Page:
Revealing: "Knowing the other person’s desire, or pretending to; speaking on someone else’s behalf".
In fashion, absence is a constant presence. Designers often sketch dresses without the three-dimensional body that they hope will one day wear them. Machinists and embroiderers work on the fabric without knowledge of the whole garment, and without the body they are dressing. In shop windows, mannequins mirror the forms and poses of living flesh, but remain an eerie reminder of its lack.
In exhibitions this absence becomes more acute – the garments refer to a living being – a subject - that once wore them, but they are now consigned to the archive. They have been transformed into objects, to be catalogued, conserved and stored for the future. Presence is constantly simulated, but never quite achieved.
The Concise Dictionary of Dress is unafraid of this ghostly lack that haunts fashion. It does not place dresses on mannequins that refer to bodies. Nor does it label each with totemic reminders of its past – the designer who made it, the person who donated it – in an attempt to capture its meaning, to fix it in time and reassure the visitor that it is knowable and contained within a framework of knowledge.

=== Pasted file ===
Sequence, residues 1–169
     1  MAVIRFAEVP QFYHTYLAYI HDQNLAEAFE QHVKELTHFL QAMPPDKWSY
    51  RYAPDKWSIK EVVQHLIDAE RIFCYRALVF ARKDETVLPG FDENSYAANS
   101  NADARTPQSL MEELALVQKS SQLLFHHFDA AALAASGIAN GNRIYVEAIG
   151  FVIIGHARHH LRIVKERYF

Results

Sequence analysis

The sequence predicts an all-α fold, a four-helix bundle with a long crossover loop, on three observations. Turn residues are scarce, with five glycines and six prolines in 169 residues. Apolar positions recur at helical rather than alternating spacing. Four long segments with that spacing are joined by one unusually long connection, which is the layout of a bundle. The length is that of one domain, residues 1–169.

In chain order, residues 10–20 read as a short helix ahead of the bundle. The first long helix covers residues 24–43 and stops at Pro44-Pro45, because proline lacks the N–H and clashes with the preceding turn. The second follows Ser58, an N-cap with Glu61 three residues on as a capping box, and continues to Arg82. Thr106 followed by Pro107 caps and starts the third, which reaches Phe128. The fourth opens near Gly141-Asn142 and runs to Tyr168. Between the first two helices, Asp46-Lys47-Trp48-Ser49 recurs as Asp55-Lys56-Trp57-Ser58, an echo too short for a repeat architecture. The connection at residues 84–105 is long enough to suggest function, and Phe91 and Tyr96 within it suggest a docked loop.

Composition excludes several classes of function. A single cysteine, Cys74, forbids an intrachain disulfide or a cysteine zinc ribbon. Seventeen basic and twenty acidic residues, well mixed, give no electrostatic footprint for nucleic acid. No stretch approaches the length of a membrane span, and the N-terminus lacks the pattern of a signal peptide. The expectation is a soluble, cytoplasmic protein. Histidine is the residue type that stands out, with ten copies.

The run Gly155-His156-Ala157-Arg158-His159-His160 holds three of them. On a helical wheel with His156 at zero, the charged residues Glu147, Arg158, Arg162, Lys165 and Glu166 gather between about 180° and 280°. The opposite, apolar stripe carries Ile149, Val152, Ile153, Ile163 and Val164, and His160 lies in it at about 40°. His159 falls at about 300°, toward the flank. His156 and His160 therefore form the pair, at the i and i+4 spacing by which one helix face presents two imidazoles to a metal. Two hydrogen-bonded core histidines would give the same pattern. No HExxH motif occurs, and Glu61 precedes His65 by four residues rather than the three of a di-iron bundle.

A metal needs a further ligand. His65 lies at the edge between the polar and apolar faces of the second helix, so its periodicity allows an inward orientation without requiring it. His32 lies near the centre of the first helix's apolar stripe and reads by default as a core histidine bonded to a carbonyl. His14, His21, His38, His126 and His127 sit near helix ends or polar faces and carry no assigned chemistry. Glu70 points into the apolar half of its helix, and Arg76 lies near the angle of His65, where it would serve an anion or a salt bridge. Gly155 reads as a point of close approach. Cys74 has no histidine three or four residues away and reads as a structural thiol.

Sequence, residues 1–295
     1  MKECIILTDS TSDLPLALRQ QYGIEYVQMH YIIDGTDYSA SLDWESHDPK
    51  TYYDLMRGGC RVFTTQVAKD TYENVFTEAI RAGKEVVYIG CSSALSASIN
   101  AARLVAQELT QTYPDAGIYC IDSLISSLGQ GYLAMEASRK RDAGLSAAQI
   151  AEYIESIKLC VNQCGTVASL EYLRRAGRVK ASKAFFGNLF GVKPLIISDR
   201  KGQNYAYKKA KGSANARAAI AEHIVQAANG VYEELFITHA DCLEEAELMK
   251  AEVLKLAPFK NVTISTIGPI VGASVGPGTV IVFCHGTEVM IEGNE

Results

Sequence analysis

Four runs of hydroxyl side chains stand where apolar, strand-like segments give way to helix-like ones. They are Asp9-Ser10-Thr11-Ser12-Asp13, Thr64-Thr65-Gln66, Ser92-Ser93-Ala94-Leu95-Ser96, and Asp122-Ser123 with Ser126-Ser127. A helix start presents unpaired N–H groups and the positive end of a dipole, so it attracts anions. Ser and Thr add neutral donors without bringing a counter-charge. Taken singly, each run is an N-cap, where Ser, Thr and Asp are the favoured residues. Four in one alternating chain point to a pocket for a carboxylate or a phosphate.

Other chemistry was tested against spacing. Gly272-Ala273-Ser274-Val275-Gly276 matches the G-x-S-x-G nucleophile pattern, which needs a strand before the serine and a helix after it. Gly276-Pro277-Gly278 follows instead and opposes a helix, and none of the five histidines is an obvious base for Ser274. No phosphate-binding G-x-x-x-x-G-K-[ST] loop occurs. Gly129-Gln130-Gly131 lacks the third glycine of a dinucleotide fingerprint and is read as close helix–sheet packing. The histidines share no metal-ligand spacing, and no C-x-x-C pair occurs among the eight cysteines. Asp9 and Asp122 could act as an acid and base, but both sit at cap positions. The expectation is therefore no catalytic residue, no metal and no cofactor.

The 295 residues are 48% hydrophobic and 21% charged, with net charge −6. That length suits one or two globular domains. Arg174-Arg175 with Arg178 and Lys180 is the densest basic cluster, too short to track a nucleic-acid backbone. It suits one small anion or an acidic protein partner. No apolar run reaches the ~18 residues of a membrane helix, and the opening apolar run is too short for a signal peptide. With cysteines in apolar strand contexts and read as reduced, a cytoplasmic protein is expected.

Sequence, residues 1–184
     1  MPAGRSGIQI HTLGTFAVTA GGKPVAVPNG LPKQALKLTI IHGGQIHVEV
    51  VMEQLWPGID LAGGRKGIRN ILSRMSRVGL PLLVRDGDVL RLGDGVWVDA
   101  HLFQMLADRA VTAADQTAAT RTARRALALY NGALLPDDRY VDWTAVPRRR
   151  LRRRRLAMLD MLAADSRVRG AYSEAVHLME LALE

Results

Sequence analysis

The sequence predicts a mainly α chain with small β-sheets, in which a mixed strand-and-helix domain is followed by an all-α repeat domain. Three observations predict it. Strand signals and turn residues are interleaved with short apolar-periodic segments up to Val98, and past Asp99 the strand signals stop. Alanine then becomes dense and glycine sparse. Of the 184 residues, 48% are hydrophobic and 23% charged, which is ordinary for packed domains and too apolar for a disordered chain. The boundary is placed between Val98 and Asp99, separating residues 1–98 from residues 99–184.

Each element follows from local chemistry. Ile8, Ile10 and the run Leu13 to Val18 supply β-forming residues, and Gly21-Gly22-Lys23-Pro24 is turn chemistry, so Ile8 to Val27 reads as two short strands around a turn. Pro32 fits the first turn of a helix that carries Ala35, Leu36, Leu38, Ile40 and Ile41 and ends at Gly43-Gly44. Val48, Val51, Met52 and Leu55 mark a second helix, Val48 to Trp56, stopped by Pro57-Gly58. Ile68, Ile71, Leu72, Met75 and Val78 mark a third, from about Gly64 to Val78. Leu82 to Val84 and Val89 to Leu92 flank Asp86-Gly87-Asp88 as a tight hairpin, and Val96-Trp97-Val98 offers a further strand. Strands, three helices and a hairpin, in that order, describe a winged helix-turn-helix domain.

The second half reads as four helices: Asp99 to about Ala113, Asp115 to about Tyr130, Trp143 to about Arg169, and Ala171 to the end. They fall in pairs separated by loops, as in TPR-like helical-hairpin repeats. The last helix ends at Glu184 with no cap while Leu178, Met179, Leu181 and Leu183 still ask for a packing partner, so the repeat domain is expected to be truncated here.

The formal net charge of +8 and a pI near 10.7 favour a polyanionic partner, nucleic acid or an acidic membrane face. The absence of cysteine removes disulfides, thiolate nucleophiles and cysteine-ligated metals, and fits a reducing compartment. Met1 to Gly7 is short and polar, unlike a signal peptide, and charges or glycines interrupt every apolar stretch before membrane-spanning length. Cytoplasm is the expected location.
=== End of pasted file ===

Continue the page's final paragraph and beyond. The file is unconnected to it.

Provenance and description are rejected. This raises questions about exhibiting and viewing dress. It articulates ideas about the relationship between looking, reading and meaning. Allied to this, it asks what value we attribute to objects and labels and exposes the role of curator in choosing, positioning and writing our experience of dress and its histories.
Rather than soothing the visitor with neat summaries of names and dates, which speak of presence, Judith Clark’s installation designs confront, incorporate and explore absences. Adam Phillips’ definitions in turn remain slippery and open to interpretation. Both refuse closed meanings and engage the visitor directly. To visit the exhibition is to embark on a journey through an archive, a physical dictionary, which, through its use of space, object and text challenges visitors to reflect on their own role, that of the curator, and indeed, of dress itself, in making and shaping histories and meanings.
In the installation called Pretentious, rolling racks are pulled back laboriously to reveal a row of couture dresses and accessories. Opposite each item, the shape their designers anticipated for them when worn has been sculpted into wax. This makes it seem as though each garment has left its imprint as the racks have been closed on the display. The visitor is reminded of the bodies that once inhabited the dresses, of the warm flesh that lived beneath these inert fabrics. The wax opposes the hard metal pegs on which the dresses hang. It speaks of the organic and signifies warmth, plasticity and softness – the missing bodies and lives of wearers. The display’s design alludes to Phillips’ overarching themes for his definitions: wish, desire and anxiety. Designers, curators and visitors wish for presence, desire embodiment, but fear the absence that haunts the museum.
Pretentious: "Something pretending to be something that it is."
Rebecca Arnold is Oak Foundation Lecturer in History of Dress & Textiles at the Courtauld Institute of Art